Loyola University Chicago

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Loyola University Chicago


School of Law

Real Estate and Property Law



This course continues and builds upon the course of study offered in the fall semester, Advising Not-for-Profit Organizations in Real Estate and Business Transactional Settings (LAW 545-001). Please refer to the description of that course for the general framework for this sequence of courses. Students who have not completed LAW 545-001 are welcome in this course; for those students, the instructor will hold a one-session overview at a mutually-selected date and time to provide background useful for this class.

The course will explore the role of advising not-for-profit organizations in the business and transactional context through a combination of traditional lecture and discussion, case study simulations, guest speakers, and field visits to selected not-for-profit organizations in the Chicago area, as well as individual meetings with students on directed work. Each student will be invited to select and imagine a mock client organization with a not-for-profit mission suited to the student’s interests and will have the opportunity to identify and explore individual topics relevant to not-for-profit transactions, operations, or governance.

The course's emphasis on case studies and commercial transaction scenarios is also designed again to act as a capstone course that complements and draws upon the students' prior coursework in contracts, real estate and commercial transactions, ethics and government regulation. In these ways, the course emphasizes skills relevant in any transactional project, for-profit or otherwise.

This course is offered in the spring semester. We will meet most weeks at the scheduled class time either for in-class lectures, guest lectures, or simulations, or sometimes on-site at Chicago not-for-profit organizations and with the goal of allowing travel time to accommodate student schedule constraints. Students will be graded based on class participation, written assignments and exercises, and a paper and presentation resulting from research and study on their chosen mock client and individual study topics.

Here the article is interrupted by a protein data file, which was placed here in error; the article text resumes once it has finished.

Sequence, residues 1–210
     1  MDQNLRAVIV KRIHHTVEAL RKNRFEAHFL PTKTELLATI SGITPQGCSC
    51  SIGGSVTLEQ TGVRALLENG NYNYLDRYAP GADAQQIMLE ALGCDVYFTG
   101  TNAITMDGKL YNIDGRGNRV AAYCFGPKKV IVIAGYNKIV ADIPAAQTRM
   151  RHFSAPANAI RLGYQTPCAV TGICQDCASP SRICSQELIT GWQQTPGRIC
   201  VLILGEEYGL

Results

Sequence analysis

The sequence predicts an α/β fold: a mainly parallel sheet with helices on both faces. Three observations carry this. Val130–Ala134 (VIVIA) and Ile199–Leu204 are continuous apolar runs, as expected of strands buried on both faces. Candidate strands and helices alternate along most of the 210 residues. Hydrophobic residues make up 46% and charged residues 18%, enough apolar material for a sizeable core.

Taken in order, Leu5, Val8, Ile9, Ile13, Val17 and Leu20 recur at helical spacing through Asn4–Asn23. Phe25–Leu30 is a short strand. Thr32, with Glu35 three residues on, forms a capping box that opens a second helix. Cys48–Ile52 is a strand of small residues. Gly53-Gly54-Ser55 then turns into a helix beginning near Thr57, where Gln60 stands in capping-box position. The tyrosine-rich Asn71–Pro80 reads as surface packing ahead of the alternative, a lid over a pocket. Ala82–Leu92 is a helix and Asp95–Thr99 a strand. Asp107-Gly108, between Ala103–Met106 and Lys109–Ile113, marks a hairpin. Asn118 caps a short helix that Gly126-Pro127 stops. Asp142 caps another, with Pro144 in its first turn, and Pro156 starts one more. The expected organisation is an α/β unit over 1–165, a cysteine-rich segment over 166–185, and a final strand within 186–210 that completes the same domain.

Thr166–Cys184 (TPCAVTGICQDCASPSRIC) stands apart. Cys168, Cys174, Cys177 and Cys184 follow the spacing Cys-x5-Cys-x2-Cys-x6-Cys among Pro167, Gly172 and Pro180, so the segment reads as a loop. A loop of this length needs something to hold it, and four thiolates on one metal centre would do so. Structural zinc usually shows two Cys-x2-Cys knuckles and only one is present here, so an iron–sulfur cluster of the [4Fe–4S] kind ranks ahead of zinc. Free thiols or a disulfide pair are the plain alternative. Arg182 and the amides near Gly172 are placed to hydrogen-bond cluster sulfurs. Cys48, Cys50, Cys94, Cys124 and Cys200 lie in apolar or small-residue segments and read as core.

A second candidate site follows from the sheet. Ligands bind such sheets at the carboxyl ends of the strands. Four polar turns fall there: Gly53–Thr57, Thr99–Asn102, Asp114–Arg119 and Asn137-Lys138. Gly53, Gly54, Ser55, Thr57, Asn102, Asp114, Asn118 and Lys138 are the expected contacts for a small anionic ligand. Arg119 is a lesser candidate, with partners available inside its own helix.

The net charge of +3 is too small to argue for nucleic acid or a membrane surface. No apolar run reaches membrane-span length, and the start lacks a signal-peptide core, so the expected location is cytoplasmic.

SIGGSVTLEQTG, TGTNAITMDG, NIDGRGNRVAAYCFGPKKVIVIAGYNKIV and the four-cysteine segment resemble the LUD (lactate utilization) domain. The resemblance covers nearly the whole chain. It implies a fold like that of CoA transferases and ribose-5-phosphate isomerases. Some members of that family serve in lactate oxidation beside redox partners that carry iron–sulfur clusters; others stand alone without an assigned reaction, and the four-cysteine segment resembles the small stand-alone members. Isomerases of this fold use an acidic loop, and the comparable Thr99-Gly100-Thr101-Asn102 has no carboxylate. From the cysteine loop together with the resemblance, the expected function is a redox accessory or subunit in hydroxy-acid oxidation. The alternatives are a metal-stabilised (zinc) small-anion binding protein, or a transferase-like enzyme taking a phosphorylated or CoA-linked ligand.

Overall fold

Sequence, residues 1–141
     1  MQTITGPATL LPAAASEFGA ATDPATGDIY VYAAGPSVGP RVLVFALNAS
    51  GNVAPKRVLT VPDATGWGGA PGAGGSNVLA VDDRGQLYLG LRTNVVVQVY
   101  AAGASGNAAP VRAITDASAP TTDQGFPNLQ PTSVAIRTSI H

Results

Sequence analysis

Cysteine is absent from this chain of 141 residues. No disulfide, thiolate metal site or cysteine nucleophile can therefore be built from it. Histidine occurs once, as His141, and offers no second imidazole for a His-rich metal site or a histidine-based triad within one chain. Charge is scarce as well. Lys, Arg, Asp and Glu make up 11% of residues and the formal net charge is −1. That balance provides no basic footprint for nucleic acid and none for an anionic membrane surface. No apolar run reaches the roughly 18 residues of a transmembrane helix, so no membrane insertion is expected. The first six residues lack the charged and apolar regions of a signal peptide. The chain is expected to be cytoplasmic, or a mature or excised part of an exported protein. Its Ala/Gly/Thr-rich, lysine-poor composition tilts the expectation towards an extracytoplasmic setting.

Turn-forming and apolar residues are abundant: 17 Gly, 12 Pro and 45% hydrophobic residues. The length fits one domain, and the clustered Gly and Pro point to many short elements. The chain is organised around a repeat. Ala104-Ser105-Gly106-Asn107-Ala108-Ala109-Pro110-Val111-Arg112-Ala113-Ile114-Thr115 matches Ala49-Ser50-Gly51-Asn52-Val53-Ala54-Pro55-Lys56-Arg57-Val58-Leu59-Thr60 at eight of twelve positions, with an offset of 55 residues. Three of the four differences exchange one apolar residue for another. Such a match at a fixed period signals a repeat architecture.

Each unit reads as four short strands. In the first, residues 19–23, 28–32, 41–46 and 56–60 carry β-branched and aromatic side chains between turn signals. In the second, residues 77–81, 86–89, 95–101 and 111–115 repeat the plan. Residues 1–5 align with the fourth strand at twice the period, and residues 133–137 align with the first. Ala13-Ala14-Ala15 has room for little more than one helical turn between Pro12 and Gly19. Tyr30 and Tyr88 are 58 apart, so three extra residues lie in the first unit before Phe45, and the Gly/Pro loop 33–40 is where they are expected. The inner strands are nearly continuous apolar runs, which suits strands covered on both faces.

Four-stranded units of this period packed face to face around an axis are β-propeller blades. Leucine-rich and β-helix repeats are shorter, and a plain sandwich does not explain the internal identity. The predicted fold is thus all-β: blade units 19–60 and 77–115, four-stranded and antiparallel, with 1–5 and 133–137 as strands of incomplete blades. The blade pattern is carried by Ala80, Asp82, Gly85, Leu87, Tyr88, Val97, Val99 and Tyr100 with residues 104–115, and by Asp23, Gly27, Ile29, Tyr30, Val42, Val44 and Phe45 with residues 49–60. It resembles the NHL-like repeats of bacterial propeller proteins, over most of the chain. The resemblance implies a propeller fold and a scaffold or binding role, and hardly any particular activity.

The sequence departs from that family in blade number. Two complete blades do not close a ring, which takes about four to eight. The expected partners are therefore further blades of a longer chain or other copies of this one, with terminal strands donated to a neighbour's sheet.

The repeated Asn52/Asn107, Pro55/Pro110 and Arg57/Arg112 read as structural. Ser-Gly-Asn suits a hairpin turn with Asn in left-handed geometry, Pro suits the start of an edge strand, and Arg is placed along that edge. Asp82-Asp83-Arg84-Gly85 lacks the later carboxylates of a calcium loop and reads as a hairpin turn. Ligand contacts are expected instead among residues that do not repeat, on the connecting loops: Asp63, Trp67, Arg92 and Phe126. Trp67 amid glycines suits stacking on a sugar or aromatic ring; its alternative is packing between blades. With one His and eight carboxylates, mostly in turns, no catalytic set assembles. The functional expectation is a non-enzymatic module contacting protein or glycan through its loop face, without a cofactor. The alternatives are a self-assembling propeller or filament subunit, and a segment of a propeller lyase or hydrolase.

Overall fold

There are more than 1.5 million not-for-profit organizations in the United States alone, and more throughout the world. Not-for profit organizations contribute to society in many ways, through diverse missions from education and research, to social services, relief, and advocacy, to religion, to arts and culture. In addition to the impact made through their missions, not-for-profits as a group are significant as employers and for their contribution to the general economy as well.

Not-for-profit organizations exist to further their charitable purposes, do not distribute dividends or net revenues (having no private shareholders or owners), and often are formed and operated to qualify for Federal income tax exemption under Section 501(c)(3) or other provisions of the Internal Revenue Code. Nonetheless, they have many of the same operational needs and characteristics of any other business. They occupy space (whether owned, leased, or hosted by others). They purchase and consume goods and services from vendors and suppliers. They manage and cope with attendant risks.

Interestingly, commentators suggest that not-for-profits can be more complex to manage, and to advise, than a for-profit business. The organization may have funding constraints, staff constraints, and knowledge constraints, particularly when copying with transactions or situations that arise only occasionally or where the organization is governed or operated in whole or in part by volunteers. Not-for-profit facilities and operations can be uniquely complex (think for example about a museum, a zoo, a hospital, or a cathedral), and their diverse sources of governmental and private funding can come with extensive conditions, restrictions, and reporting requirements. They may even be offered (or accept) donated goods or services in kind, gifts that come with their own implications.